- For the dough: 1 cup warm water 1 envelope active dry yeast Pinch of sugar 2 teaspoons kosher salt 2 tablespoons extra virgin olive oil 2 1/2–3 cups all-purpose flour 2 garlic cloves, minced 1 tablespoon fresh basil, chopped For the Caesar dressing: 2 large egg yolks 1 tablespoon...
For the dough:
1 cup warm water
1 envelope active dry yeast
Pinch of sugar
2 teaspoons kosher salt
2 tablespoons extra virgin olive oil
2 1/2–3 cups all-purpose flour
2 garlic cloves, minced
1 tablespoon fresh basil, chopped
For the Caesar dressing:
2 large egg yolks
1 tablespoon Dijon mustard
2 garlic cloves, chopped
3 anchovy fillets
1/2 cup extra virgin olive oil
Juice of 2 limes
For the pizzas:
1 large fresh tomato, seeded and chopped (about 1 cup)
1/2 cup, plus 2 tablespoons, olive oil
2 teaspoons freshly ground black pepper
2 teaspoons sugar
1 teaspoon garlic, minced
1/4 cup tomato sauce
1/4 cup sliced black olives
1/4 cup roasted red peppers
2 cups grated mozzarella cheese
1/4 cup chopped fresh basil
1 cup arugula
1 cup shredded romaine lettuce
To make the dough:
1. Put the water in a bowl, stir in the yeast and sugar, and let sit until frothy, about 10 minutes.
2. Add the salt, olive oil and 2 1/2 cups of flour, and mix until the dough pulls away from the sides of the bowl. Turn out onto a lightly floured surface. Knead until smooth, about 8 minutes, adding up to 1/2 cup more flour if the dough seems too wet. Put the dough into a well-oiled bowl and cover with a damp cloth. Set aside to rise until doubled, about 1 hour. Turn the dough out onto a work surface and knead in the garlic and basil. Put it back in the bowl, cover with a damp cloth and let rise until doubled, about 1 hour.
To make the dressing:
1. Put the egg yolks, mustard, chopped garlic and anchovies into a blender. Blend until smooth. With the motor running, pour in the oil in a slow, steady stream, then pour in the lime juice and blend until emulsified, about 1 minute. Scrape the dressing into a bowl, cover and refrigerate until you need it. It will keep for about 3 days.
To make the pizzas:
1. While the dough rises, preheat the oven to 250°F.
2. Put the chopped tomato on a small rimmed baking sheet and toss with 2 tablespoons of olive oil, the black pepper and the sugar. Bake until the tomato pieces have dried, about 1 hour.
3. Put the remaining 1/2 cup olive oil in a small bowl. Add the minced garlic and microwave for 30 seconds.
4. Preheat a gas grill to high.
5. Punch down the dough and divide in half. Shape each half into a ball and pat down on a lightly floured surface. Use your fingers to stretch the dough into 10-inch oblongs; it’s nice if you leave a slightly thicker rim.
6. Turn half the grill down to medium. Brush 1 piece of dough with the garlic oil and place it, oiled side down, on the high-heat side of the grill. The dough will begin to puff almost immediately. When the bottom crust has lightly browned, use two spatulas to turn the dough over onto the medium-heat side. Working quickly, brush the garlic oil over the crust and then brush with half of the tomato sauce. Scatter with half of the roasted chopped tomatoes, half of the black olives and half of the roasted red peppers. Sprinkle with 1 cup of the mozzarella and half of the basil. Close the lid and cook the pizza until the cheese melts. Remove the pizza from the grill and set it aside while you prepare the second pizza with the remaining ingredients.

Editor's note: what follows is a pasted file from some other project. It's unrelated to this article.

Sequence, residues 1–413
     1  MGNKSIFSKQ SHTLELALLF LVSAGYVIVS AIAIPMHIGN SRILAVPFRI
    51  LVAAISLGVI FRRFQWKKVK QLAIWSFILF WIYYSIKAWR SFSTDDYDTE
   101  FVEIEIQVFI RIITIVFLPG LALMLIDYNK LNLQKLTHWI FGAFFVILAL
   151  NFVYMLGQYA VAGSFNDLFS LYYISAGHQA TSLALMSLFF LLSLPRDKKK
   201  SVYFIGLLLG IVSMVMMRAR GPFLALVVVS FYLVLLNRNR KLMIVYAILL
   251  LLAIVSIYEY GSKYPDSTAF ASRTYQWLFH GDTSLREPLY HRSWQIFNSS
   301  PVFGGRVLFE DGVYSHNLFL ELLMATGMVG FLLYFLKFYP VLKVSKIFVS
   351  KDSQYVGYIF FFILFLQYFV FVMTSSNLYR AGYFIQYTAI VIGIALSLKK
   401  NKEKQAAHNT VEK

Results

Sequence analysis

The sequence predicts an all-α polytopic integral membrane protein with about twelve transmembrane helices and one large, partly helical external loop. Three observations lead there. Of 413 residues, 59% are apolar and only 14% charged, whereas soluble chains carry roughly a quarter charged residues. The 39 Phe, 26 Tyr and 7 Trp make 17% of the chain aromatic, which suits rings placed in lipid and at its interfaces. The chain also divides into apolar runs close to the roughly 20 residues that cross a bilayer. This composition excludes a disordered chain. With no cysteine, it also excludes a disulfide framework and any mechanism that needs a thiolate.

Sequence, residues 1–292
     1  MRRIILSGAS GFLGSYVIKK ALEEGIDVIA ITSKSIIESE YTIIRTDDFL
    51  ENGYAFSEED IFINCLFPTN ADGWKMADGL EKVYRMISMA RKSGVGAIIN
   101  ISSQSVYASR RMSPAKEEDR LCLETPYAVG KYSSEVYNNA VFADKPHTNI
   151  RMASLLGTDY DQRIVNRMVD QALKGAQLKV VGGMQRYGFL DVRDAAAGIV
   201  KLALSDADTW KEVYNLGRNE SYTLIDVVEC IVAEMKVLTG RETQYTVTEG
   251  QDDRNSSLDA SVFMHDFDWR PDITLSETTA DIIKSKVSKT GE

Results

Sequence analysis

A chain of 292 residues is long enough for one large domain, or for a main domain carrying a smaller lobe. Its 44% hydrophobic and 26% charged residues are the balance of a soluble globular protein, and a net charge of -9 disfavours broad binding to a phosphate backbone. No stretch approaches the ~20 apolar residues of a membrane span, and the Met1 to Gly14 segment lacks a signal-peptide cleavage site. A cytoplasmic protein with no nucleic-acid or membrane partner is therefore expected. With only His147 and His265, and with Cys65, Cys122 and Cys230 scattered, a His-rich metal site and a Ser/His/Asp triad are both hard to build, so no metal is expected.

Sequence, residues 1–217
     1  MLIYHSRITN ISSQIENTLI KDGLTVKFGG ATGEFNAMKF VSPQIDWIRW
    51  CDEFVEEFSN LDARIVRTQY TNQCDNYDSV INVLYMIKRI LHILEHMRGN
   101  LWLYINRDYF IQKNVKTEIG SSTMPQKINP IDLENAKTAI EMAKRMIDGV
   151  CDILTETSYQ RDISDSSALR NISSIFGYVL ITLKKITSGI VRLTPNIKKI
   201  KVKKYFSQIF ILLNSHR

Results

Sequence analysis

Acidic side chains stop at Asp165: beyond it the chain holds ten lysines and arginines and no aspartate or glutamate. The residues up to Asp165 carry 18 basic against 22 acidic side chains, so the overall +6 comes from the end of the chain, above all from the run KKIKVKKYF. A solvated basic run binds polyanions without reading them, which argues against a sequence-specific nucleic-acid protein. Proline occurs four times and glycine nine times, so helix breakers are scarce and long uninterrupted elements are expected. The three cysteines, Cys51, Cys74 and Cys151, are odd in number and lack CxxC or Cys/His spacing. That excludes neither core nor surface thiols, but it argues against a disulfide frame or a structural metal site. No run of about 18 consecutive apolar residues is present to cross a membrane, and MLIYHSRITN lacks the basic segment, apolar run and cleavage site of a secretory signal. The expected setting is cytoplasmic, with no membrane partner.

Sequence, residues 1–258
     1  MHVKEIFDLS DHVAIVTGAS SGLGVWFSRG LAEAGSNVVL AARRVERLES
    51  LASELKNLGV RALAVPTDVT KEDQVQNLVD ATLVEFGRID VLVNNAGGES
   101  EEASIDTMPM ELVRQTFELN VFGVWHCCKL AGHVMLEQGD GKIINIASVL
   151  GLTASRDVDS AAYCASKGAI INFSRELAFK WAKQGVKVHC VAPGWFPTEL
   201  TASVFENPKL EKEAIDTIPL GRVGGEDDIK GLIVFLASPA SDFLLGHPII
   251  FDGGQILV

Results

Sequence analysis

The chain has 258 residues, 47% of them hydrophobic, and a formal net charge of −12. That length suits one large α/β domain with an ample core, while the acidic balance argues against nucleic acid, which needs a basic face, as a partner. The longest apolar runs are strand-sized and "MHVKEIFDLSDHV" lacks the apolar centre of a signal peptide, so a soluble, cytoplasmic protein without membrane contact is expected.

7. Toss the arugula, romaine and some of the Caesar dressing together. Cut the pizzas in half, pile the salad on top and serve right away.
Recipe by Marcus Samuelsson. SourceVN:F [1.9.22_1171]VN:F [1.9.22_1171]
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- Although olive oil is thousands of years old, it’s only recently that it’s come to be considered a gourmet product. The varieties of this essential element of Mediterranean cuisine are constantly increasing. The type of olive, the climate of the place that the olives...
Although olive oil is thousands of years old, it’s only recently that it’s come to be considered a gourmet product. The varieties of this essential element of Mediterranean cuisine are constantly increasing.
The type of olive, the climate of the place that the olives are cultivated, the extraction method; these are only some of the factors that influence the flavor and quality of the oil, but how do we identify the qualities of each variety?
We sneaked into the oil tasting of the Best Food and Drinks Guide, run by the chef Paco Roncero (three Repsol Suns), to learn how the best olive brands of the country are chosen. Take note and prepare yourself to become an oil buff.
1. Essential elements
For this type of tasting we need: an olive oil tasting glass, which consists of a small round glass with a somewhat closed opening and blue so we don’t see its interior (since the color of the oil doesn’t influence its properties); a glass lid or a napkin to cover the glass; an apple; water; and some bread to change the flavor between tastings, and the form to write down the different sensations perceived while trying each variety. The objective of the tasting is to pick out as many organoleptic qualities of the product as possible; that is to say, the characteristics of its flavor, texture, smell. This is why it’s recommended that the tastings be in the early morning when our senses are more acute. It’s also important that the ambient temperature at the tasting be around 28 °C (82 °F) which guarantees the best environment for both the oils and our senses.VN:F [1.9.22_1171]VN:F [1.9.22_1171]
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